When to introduce the CSM in the customer lifecycle
Let’s start with what’s easier to determine: The latest point to introduce customer success would be right before the onboarding.If you reach out to a new customer who is poking around in the dark for 2 weeks already you don’t need any software telling you there’s a high churn risk.
But the worst thing is not even that the customer might not get done anything. It’s the customer’s experience that you don’t care about them at all. Which you simply can’t afford in a buyer-centric world.
The onboarding stage is where arguably the most SaaS companies introduce the customer success manager to the customer. But bringing them on earlier in the sales process, at the so-called “sales-qualified-opportunity”-stage offers unknown and unexpected advantages.
The qualification of leads and opportunities plays an important role in every sales process. After all, you don’t want to spend your resources on customers who don’t convert into a sale.
If you introduce customer success managers to SQOs you’ll create CSQOs – customer success qualified opportunities. Why does that make sense? Because who could better determine whether an opportunity is qualified than the people who are working with dozens of customers every day?
In an ideal world you would convert 100% of the opportunities you deem to be qualified. It obviously will never happen. But introducing the customer success manager at the SQO stage can help you to close deals you would have otherwise lost.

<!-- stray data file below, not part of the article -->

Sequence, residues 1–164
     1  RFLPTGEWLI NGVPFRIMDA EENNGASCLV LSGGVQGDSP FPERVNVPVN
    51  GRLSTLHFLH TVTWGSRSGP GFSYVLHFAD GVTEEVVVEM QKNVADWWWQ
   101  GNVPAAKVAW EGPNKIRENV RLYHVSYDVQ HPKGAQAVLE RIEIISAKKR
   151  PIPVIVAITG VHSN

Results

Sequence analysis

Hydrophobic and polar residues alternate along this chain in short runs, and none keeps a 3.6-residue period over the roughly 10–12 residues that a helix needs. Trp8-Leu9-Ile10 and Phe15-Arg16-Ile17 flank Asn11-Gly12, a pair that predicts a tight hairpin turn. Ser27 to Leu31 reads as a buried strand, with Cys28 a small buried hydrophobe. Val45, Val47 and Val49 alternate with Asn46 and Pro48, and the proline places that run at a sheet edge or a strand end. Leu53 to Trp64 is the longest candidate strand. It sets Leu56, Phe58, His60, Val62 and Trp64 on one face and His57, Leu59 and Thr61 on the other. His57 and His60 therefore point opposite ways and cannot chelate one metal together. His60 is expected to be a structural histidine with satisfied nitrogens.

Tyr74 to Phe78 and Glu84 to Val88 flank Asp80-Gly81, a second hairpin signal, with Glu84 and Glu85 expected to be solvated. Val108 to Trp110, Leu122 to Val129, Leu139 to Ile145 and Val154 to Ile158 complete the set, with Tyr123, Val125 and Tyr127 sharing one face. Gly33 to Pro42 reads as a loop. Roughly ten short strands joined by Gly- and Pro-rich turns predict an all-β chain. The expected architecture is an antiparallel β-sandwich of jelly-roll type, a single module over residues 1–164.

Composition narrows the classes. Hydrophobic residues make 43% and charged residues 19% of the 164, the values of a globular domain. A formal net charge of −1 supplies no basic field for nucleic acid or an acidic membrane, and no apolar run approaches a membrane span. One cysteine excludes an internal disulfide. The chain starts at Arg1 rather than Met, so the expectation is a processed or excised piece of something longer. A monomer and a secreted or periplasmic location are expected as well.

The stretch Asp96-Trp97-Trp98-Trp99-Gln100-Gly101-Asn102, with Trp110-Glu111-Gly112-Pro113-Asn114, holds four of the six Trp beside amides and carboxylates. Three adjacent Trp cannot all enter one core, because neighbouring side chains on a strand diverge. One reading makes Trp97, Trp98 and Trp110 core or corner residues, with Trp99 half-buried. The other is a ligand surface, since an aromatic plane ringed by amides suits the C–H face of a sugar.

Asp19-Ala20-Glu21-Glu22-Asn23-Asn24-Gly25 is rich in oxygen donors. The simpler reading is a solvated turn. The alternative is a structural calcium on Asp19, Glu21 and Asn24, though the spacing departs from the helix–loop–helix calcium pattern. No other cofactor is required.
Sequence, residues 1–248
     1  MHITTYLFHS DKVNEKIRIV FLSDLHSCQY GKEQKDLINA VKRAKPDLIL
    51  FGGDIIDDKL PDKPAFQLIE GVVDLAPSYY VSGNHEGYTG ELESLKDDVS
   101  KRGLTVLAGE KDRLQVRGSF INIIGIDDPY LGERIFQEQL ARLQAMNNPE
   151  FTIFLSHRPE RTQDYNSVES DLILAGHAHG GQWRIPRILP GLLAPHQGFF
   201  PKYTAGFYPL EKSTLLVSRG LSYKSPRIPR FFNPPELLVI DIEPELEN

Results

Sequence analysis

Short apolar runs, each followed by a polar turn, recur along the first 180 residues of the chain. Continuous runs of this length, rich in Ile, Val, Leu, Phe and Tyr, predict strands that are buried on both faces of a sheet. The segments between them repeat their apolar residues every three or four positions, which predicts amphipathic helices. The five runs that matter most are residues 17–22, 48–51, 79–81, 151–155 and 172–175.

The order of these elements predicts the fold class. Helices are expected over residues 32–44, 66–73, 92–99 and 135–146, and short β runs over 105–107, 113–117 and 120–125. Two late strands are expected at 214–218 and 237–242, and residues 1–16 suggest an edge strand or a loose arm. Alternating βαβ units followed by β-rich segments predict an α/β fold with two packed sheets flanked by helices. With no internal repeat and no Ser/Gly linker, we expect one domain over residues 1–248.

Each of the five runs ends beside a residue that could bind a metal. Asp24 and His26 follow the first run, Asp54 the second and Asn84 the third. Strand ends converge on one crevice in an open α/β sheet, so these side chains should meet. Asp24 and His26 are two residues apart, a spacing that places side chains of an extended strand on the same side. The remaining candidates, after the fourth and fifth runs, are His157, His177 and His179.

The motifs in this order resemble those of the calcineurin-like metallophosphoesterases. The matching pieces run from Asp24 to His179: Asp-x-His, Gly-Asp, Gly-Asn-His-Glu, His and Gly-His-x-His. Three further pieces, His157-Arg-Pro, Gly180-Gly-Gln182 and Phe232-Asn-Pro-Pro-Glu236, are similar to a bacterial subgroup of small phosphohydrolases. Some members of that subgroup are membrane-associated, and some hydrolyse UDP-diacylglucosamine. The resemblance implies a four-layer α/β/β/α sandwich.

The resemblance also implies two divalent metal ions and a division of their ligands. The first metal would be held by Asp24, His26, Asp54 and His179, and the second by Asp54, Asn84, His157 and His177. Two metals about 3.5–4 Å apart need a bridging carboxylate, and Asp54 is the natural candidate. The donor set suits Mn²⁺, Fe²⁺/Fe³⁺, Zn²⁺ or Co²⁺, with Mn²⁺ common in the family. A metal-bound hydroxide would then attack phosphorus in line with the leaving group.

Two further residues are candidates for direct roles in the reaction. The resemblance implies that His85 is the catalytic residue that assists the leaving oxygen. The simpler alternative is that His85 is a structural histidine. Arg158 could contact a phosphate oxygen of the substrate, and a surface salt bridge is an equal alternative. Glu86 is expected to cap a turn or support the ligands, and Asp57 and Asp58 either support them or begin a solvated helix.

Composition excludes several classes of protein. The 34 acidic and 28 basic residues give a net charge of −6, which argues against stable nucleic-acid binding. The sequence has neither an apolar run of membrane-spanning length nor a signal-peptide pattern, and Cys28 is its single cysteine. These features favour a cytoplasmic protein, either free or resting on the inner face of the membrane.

Because whether the customer signs- up or not depends on their perception of value. A CSM who visibly understands the customers’ problems and might even be able to discuss possible solutions right away can definitely turn the tides.
On top you will get a lot of insights to improve your daily work with actual customers. Even though your contributions won’t help closing every deal you will talk to a much broader audience. And you’ll learn way more about pain points and their roots, how their processes work, the solutions they currently use and more.
A future investment
How can you afford spending time on customer calls with a sales rep with your busy schedule? Consider it as an investment that pays off in more time. Time you spend with firefighting, dealing with inevitable churn from customers who would not have passed the CSQO stage, optimizing for the wrong goals etc.
And the time you’ll save then can be reinvested into helping customers grow their value and LTV in return.